In 2014, China’s economy grew to surpass the size of the US economy for the first time (Stiglitz). According to the Central Intelligence Agency’s 1984 report “A Comparison of Soviet and US Gross National Products,” the Soviet Union’s GNP (a similar measure to GDP) was less than half the size of the US GNP in 1960, near the height of the Cold War (4); today, China’s economy is roughly one-quarter larger than that of the United States and is projected to be roughly one-half larger as early as 2024 (World Economic Outlook Database). The economic strength of the People’s Republic is in stark contrast to the economic strength the Soviet Union achieved relative to the US during the Cold War. An important tactic used by China to hasten its industrial ascent was the suppression of its own currency’s exchange rate value in order to boost exports and limit imports. (Swanson). Essentially, China reduced its purchasing power on the global market in exchange for a substantial competitive advantage in order to draw away the industrial base of America and her Western allies who, perhaps foolishly, embraced free trade with China. This policy is akin to “dumping,” which is the (often illegal) practice of attempting to weaken competing firms and producers by selling products at substantially below-market prices, often at a loss (Barone). We should call China’s tactics what they are: predatory and subverting. The threat posed by Chinese industrial power is clear when we look back to the Cold War: the relatively weaker industrial power, the Soviet Union, held the threat of nuclear annihilation over America and competed with the US in military strength and technology. This is well demonstrated by a comparison of Soviet and American naval inventory in 1985: the Soviets operated 374 submarines, 5 carriers, and 139 large surface combatants (cruisers, destroyers, and frigates), as opposed to the US Navy’s 137 submarines, 13 carriers, and 211 large surface combatants (“Soviet Navy Ships 1945-1990;” “US Ship Force Levels”). China’s immense economy grants it the potential to more seriously rival the US militarily and to extend an impregnable military buffer beyond the First Island Chain made up of Japan, Taiwan, and the Philippines. An immediate tool to disrupt China’s economic predation is the enactment of punitive sanctions, including tariffs and product bans. The US could also ban certain types of companies from operating in China or collaborating with its government. It’s important we dismantle the Chinese monopoly on manufacturing and industry so that the US is not held hostage to overseas supply chains in the event of conflict.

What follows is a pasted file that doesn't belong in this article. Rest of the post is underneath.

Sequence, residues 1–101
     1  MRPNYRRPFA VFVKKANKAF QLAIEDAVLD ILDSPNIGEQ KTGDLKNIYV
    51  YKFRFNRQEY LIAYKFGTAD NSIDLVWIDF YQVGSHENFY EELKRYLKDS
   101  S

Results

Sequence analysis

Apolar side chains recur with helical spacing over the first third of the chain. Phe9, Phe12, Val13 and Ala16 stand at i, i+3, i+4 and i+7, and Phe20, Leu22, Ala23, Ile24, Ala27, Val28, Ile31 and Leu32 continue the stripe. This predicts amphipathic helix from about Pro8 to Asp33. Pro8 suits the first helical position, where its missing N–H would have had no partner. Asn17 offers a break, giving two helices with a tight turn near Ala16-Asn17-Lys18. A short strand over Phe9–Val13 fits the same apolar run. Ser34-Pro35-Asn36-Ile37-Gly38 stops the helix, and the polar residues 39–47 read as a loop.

Part of China’s grand strategy has been to form a continental bloc of authoritarian states who together can build an isolated world order free from Western rule of law. There are many such states, like Iran, Russia, Cambodia, Venezuela, North Korea, and Syria. However, the bloc is not merely an association, but a malignant tumor: According to the Brookings Institution, China “interferes in the political systems of developing countries around the world, tipping the scales towards China-friendly politicians and policies” (“Protect the Party”). The PRC has been buying UN support from third world countries with tens of billions in development loans and direct investment; meanwhile, Chinese companies have been bribing officials in those countries for special privileges and favors (“Chinese Corruption”). An advantage China will gain from a web of allies, especially on the Eurasian landmass, is a reduced dependency on vulnerable sealane trade through the South China Sea. Rails and highways stretching throughout what was once called the Silk Road are all a part of China’s ‘One Belt One Road’ initiative to bolster trade and relations with its continental neighbors (Ma). If China were an open society uninterested in expanding its borders and influence, there would be no issue; however, China’s investments and progress are tied to its political and military aspirations. The PRC appears to be working to create a front against the West similar to the Warsaw Pact, laying its curtain over a larger and larger stretch of the world. The best way for the US to counter the Chinese is to compete with direct investment in emerging economies. The US could offer tremendous financial incentives for democratizing nations that distance themselves from Chinese Communist Party influence. Ultimately, any policy that enlarges the US sphere of influence against China’s is worth pursuing, so long as such policies do not contradict our values.
There is no question the Chinese system poses an adversarial threat to the free world, and that the threat must be met with its fair share of cautionary diligence, particularly from the United States. Every effort undertaken to strengthen the free world’s position economically and militarily will help to prevent war and the misery it creates. The US has a duty to serve as an ambassador and protector of liberty and democracy to draw emerging economies towards the Western philosophy that the government is legitimized by popular consent. This duty was best expressed by President Truman in 1948: “The free peoples of the world look to us for support in maintaining their freedoms. If we falter in our leadership, we may endanger the peace of the world— and we shall surely endanger the welfare of our own nation” (“Truman Doctrine”).